> >> > >>> cleared access flag, thus, it can set access flag in page table when the
> >> > >>> hardware access it?  If this is the case, I feel what you said is true.
> >> > >> Perhaps it would help if I gave a concrete example. Take for example
> >> > >> the
> >> > >> ARM SMMU. It has it's own TLB. Invalidating this TLB is done in one of
> >> > >> two ways depending on the specific HW implementation.
> >> > >> If broadcast TLB maintenance (BTM) is supported it will snoop CPU
> >> > >> TLB
> >> > >> invalidations. If BTM is not supported it relies on SW to explicitly
> >> > >> forward TLB invalidations via MMU notifiers.
> >> > >
> >> > > On our ARM64 hardware, we rely on BTM to maintain TLB coherency.
> >> >
> >> > Lucky you :-)
> >> >
> >> > ARM64 SMMU architecture specification supports the possibilty of both,
> >> > as does the driver. Not that I think whether or not BTM is supported has
> >> > much relevance to this issue.
> >> >
> >> > >> Now consider the case where some external device is accessing mappings
> >> > >> via the SMMU. The access flag will be cached in the SMMU TLB. If we
> >> > >> clear the access flag without a TLB invalidate the access flag in the
> >> > >> CPU page table will not get updated because it's already set in the SMMU
> >> > >> TLB.
> >> > >> As an aside access flag updates happen in one of two ways. If the
> >> > >> SMMU
> >> > >> HW supports hardware translation table updates (HTTU) then hardware will
> >> > >> manage updating access/dirty flags as required. If this is not supported
> >> > >> then SW is relied on to update these flags which in practice means
> >> > >> taking a minor fault. But I don't think that is relevant here - in
> >> > >> either case without a TLB invalidate neither of those things will
> >> > >> happen.
> >> > >> I suppose drivers could implement the clear_flush_young() MMU
> >> > >> notifier
> >> > >> callback (none do at the moment AFAICT) but then won't that just lead to
> >> > >> the opposite problem - that every page ever used by an external device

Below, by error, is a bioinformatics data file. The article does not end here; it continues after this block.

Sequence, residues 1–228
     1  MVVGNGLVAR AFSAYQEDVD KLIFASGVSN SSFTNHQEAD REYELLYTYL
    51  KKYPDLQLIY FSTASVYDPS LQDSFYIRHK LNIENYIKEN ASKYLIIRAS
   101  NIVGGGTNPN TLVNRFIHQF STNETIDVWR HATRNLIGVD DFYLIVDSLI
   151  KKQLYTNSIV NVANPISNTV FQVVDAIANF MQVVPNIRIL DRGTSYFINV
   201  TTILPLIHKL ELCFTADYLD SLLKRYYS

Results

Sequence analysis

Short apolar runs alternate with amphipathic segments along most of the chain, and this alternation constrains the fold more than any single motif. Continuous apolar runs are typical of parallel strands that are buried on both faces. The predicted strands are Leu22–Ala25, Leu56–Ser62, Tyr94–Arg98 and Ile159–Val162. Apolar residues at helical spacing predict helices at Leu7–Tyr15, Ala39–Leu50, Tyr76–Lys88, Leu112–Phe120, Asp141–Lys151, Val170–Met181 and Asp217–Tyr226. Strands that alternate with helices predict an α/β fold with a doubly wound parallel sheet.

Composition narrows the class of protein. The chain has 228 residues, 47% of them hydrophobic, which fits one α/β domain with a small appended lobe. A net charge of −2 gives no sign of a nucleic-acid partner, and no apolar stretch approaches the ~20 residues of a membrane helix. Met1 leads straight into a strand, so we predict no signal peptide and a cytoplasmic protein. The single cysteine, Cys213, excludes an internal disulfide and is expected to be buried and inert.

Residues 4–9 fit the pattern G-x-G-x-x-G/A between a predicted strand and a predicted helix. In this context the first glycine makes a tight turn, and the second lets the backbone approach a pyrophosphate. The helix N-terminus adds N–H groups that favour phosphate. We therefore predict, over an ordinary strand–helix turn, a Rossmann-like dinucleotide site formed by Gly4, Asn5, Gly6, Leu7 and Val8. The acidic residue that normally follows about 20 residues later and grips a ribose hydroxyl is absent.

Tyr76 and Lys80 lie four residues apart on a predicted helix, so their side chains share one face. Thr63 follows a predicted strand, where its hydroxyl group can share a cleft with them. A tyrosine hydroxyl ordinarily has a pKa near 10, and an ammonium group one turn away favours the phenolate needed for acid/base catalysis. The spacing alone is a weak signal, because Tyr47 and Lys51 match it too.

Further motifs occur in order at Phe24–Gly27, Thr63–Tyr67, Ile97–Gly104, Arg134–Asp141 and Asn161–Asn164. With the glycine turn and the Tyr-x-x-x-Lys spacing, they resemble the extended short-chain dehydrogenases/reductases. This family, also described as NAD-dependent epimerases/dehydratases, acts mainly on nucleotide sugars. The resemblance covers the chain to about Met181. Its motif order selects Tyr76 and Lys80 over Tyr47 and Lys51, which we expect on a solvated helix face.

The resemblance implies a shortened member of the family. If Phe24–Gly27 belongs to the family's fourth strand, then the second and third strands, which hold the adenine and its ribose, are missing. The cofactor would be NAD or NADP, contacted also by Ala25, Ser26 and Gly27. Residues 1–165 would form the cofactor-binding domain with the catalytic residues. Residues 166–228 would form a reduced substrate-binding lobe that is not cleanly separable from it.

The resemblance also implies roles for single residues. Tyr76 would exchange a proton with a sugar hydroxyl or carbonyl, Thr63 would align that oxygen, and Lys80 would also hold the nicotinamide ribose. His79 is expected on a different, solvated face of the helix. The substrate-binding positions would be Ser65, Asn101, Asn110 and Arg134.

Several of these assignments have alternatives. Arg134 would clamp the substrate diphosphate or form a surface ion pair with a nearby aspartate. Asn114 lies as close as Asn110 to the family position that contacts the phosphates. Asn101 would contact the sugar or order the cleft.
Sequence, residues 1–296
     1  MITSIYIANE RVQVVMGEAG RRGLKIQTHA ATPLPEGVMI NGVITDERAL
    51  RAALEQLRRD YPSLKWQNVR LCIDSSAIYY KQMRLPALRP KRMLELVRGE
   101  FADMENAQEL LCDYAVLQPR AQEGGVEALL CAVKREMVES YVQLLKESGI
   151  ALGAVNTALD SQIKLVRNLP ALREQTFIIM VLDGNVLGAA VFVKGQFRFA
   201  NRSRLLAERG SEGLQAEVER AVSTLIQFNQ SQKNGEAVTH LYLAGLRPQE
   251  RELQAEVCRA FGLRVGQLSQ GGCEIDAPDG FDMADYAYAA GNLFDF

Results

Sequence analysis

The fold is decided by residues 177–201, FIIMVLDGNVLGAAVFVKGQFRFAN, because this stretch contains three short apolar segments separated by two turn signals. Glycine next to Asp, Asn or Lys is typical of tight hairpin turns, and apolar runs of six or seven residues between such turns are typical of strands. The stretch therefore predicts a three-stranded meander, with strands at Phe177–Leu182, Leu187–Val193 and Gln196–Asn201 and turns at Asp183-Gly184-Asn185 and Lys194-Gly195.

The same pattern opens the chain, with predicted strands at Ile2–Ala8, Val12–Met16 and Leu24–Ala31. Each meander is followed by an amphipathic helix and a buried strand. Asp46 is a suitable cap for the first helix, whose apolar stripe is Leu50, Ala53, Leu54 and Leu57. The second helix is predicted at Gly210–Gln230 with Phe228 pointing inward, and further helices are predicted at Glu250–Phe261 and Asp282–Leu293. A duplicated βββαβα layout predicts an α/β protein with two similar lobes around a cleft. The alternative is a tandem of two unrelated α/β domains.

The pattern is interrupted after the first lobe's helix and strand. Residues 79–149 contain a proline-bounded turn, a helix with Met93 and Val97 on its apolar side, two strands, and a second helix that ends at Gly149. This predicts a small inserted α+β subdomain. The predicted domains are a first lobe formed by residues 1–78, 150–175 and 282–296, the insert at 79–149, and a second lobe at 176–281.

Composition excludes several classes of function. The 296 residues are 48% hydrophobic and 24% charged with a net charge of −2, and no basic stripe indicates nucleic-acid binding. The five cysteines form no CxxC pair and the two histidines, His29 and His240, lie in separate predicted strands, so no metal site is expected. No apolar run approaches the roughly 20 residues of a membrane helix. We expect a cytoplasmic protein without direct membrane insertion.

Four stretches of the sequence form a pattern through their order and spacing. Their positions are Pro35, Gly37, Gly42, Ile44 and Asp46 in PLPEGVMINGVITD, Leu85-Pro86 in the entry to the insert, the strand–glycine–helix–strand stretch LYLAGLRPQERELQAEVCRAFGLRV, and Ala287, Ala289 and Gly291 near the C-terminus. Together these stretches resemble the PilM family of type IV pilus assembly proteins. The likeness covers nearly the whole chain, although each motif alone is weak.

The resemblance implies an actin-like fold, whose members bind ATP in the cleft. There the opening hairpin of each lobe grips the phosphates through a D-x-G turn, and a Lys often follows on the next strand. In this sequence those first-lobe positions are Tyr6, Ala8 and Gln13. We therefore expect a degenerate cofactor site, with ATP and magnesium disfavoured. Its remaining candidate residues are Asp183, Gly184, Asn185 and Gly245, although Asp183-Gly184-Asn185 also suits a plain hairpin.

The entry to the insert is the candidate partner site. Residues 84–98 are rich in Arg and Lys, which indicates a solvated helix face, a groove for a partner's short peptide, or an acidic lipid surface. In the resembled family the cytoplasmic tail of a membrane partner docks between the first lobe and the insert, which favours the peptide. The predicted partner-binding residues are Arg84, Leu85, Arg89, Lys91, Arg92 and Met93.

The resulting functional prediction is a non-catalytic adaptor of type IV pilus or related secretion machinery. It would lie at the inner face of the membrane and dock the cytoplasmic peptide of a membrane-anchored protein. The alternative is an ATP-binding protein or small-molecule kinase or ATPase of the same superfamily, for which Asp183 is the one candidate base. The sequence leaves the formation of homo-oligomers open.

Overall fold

> >> > >> remains active and unavailable for reclaim because the access flag never
> >> > >> gets cleared? I suppose they could do the flush then which would ensure
> >> > >
> >> > > Yes, I think so too. The reason there is currently no problem, perhaps
> >> > > I think, there are no actual use cases at the moment? At least on our
> >> > > Alibaba's fleet, SMMU and MMU do not share page tables now.
> >> >
> >> > We have systems that do.
> >>
> >> Just curious: do those systems run the Linux kernel? If so, are pages
> >> shared with SMMU pinned? If not, then how are IO PFs handled after
> >> pages are reclaimed?
>
> Yes, these systems all run Linux. Pages shared with SMMU aren't pinned
> and fault handling works as Barry notes below - a driver is notified of
> a fault and calls handle_mm_fault() in response.
>
> > it will call handle_mm_fault(vma, prm->addr, fault_flags, NULL); in
> > I/O PF, so finally
> > it runs the same codes to get page back just like CPU's PF.
> >
> > years ago, we recommended a pin solution, but obviously there were lots of
> > push backs:
> > https://lore.kernel.org/linux-mm/1612685884-19514-1-git-send-email-wangzhou1@hisilicon.com/
>
> Right. Having to pin pages defeats the whole point of having hardware
> that can handle page faults.

Thanks. How would a DMA transaction be retried after the kernel
resolves an IO PF? I.e., does the h/w (PCIe spec, etc.) support auto
retries or is the s/w responsible for doing so? At least when I worked
on the PCI subsystem, I didn't know any device that was capable of
doing auto retries. (Pasha and I will have a talk on IOMMU at the
coming LPC, so this might be an interesting intersection between IOMMU
and MM to discuss.)